Figure 4. (a)—Same patient as in Figure 3. (b)—Improvement of the pigmentation, less edema and diminished show of small blood vessels after laser and IPL treatment.
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Figure 5. (a)—59-year-old female patient. Hypertrophy of the fat pads on the lower both lower eyelids. Hyperpigmentation and tear through deformity on the lower left eyelid. (b)—Improvement of the pigmentation after two of sessions of Q-switched 1064 nm. Improvement of tear through deformity with hyaluronic acid injection. Fat pad hypertrophy treated with transconjunctival blepharoplasty.
Figure 5. (a)—59-year-old female patient. Hypertrophy of the fat pads on the lower both lower eyelids. Hyperpigmentation and tear through deformity on the lower left eyelid. (b)—Improvement of the pigmentation after two of sessions of Q-switched 1064 nm. Improvement of tear through deformity with hyaluronic acid injection. Fat pad hypertrophy treated with transconjunctival blepharoplasty.
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Table 1. Classification of periorbital hyperpigmentation (POH) according to Ranu et al. (2011) [11].
Table 1. Classification of periorbital hyperpigmentation (POH) according to Ranu et al. (2011) [11].
Constitutional • Patients show a curved band of brownish to black skin pigmentation on lower eyelids approximating the shape of the orbital rim with frequent involvement of upper eyelids.
Post-inflammatory Here, irregular patches of brownish or gray pigmentation can be found on the upper, lower, or both eyelids with lichenification, and eczematous lesions in the surrounding areas.
Vascular • Patients present with erythema predominantly involving the inner aspect of lower eyelids, with prominent capillaries or telangiectasia, often with a thin translucent skin. There may be a bluish discoloration of the lower eyelid and visible bluish veins.
Shadow effect This type is mainly due to structural anatomical factors (e.g., overhanging tarsal muscle, eye bags, or a deep tear trough).
Others • Such as internal disorders (e.g., anemia, hormonal disturbances, nutritional deficiencies), skin disease (e.g., acanthosis nigricans, cutis laxa, nevus Ota, nevus Hori, erythema dyschromicum perstans, fixed drug eruption), and drugs (latanoprost and bimatoprost eye drops).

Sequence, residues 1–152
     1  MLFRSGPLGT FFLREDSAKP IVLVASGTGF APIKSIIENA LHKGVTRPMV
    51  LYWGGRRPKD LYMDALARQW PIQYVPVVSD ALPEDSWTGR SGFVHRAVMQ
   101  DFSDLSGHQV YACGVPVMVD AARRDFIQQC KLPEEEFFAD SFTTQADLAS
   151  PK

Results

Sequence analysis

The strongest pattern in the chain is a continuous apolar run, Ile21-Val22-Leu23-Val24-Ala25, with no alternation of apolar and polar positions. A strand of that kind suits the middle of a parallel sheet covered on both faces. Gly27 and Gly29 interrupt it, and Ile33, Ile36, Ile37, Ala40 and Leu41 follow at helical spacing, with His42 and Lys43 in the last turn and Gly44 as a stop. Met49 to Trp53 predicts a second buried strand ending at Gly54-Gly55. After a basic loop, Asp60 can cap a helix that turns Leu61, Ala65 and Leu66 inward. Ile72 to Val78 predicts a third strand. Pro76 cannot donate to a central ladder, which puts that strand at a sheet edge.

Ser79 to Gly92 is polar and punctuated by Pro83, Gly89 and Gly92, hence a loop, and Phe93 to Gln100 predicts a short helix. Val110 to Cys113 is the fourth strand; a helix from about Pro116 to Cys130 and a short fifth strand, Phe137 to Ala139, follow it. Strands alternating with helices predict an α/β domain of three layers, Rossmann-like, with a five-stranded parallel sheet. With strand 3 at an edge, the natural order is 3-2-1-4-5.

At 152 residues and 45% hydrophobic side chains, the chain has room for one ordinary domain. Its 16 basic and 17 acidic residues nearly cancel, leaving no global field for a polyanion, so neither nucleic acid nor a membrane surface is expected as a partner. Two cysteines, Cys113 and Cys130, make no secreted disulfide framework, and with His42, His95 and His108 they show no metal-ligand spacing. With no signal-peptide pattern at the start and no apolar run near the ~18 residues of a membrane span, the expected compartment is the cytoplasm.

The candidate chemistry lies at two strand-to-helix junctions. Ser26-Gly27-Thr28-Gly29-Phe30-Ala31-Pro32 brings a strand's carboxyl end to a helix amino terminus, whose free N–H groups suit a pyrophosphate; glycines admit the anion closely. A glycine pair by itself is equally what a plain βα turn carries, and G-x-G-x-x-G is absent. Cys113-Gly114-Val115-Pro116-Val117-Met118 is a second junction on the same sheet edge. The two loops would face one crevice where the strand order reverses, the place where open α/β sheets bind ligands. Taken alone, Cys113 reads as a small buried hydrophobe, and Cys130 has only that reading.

Table 2. Severity grading of POH according to Sheth et al. (2014) [8].
Table 2. Severity grading of POH according to Sheth et al. (2014) [8].
GradeRemarks
0Skin color not different from other facial skin areas
1Faint pigmentation of infraorbital folds
2More pronounced
3Deep dark color, all eyelids involved
4Grade 3 pigmentation spreading beyond the infraorbital fold
Table 3. Characteristics of patients with periorbital hyperpigmentation treated with lasers and combined procedures.
Table 3. Characteristics of patients with periorbital hyperpigmentation treated with lasers and combined procedures.
No. of Subjects74
Average age (yrs)36.1 (range, 18−57)
Sex
Female64 (86.5%)
Male10 (13.3%)
Average time of condition (yrs)3.8 (range, 1–30)
Follow-up6 to 32 months
Table 4. Improvement of periorbital hyperpigmentation aspect according to patient’s assessment.
Table 4. Improvement of periorbital hyperpigmentation aspect according to patient’s assessment.
Improvementn (%)
Poor (no improvement)3 (4.0%)
Fair (limited improvement)9 (12.1%)
Good (significant improvement)36 (48.6%)
Excellent (market improvement)26 (35.1%)
Total74 (100%)
Classification based on the percentage of periorbital hyperpigmentation improvement: poor (improvement from 0% to 25%), fair (26% to 50%), good (51% to 75%), and excellent (>75%).
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Goldman, A.; Goldust, M.; Wollina, U. Periorbital Hyperpigmentation—Dark Circles under the Eyes; Treatment Suggestions and Combining Procedures. Cosmetics 2021, 8, 26. https://doi.org/10.3390/cosmetics8020026

AMA Style

Goldman A, Goldust M, Wollina U. Periorbital Hyperpigmentation—Dark Circles under the Eyes; Treatment Suggestions and Combining Procedures. Cosmetics. 2021; 8(2):26. https://doi.org/10.3390/cosmetics8020026

Chicago/Turabian Style

Goldman, Alberto, Mohamad Goldust, and Uwe Wollina. 2021. "Periorbital Hyperpigmentation—Dark Circles under the Eyes; Treatment Suggestions and Combining Procedures" Cosmetics 8, no. 2: 26. https://doi.org/10.3390/cosmetics8020026